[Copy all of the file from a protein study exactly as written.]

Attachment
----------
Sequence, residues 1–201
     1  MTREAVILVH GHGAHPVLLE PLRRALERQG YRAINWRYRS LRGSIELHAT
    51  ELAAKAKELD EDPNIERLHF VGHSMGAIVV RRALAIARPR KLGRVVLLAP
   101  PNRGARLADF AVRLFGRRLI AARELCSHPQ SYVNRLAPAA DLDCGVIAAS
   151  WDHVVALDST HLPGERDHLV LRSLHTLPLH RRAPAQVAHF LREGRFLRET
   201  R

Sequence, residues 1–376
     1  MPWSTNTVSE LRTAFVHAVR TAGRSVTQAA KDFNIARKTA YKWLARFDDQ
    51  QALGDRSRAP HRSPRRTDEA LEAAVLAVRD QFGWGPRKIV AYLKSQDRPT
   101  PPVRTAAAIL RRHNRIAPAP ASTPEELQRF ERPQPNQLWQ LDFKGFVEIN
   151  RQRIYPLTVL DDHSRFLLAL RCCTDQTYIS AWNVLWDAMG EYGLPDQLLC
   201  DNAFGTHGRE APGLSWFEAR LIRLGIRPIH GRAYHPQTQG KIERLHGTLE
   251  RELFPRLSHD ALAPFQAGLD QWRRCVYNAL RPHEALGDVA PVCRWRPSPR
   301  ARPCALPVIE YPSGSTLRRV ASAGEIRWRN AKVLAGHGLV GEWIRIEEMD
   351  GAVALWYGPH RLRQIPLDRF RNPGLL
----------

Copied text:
Sequence, residues 1–201
     1  MTREAVILVH GHGAHPVLLE PLRRALERQG YRAINWRYRS LRGSIELHAT
    51  ELAAKAKELD EDPNIERLHF VGHSMGAIVV RRALAIARPR KLGRVVLLAP
   101  PNRGARLADF AVRLFGRRLI AARELCSHPQ SYVNRLAPAA DLDCGVIAAS
   151  WDHVVALDST HLPGERDHLV LRSLHTLPLH RRAPAQVAHF LREGRFLRET
   201  R

Sequence, residues 1–376
     1  MPWSTNTVSE LRTAFVHAVR TAGRSVTQAA KDFNIARKTA YKWLARFDDQ
    51  QALGDRSRAP HRSPRRTDEA LEAAVLAVRD QFGWGPRKIV AYLKSQDRPT
   101  PPVRTAAAIL RRHNRIAPAP ASTPEELQRF ERPQPNQLWQ LDFKGFVEIN
   151  RQRIYPLTVL DDHSRFLLAL RCCTDQTYIS AWNVLWDAMG EYGLPDQLLC
   201  DNAFGTHGRE APGLSWFEAR LIRLGIRPIH GRAYHPQTQG KIERLHGTLE
   251  RELFPRLSHD ALAPFQAGLD QWRRCVYNAL RPHEALGDVA PVCRWRPSPR
   301  ARPCALPVIE YPSGSTLRRV ASAGEIRWRN AKVLAGHGLV GEWIRIEEMD
   351  GAVALWYGPH RLRQIPLDRF RNPGLL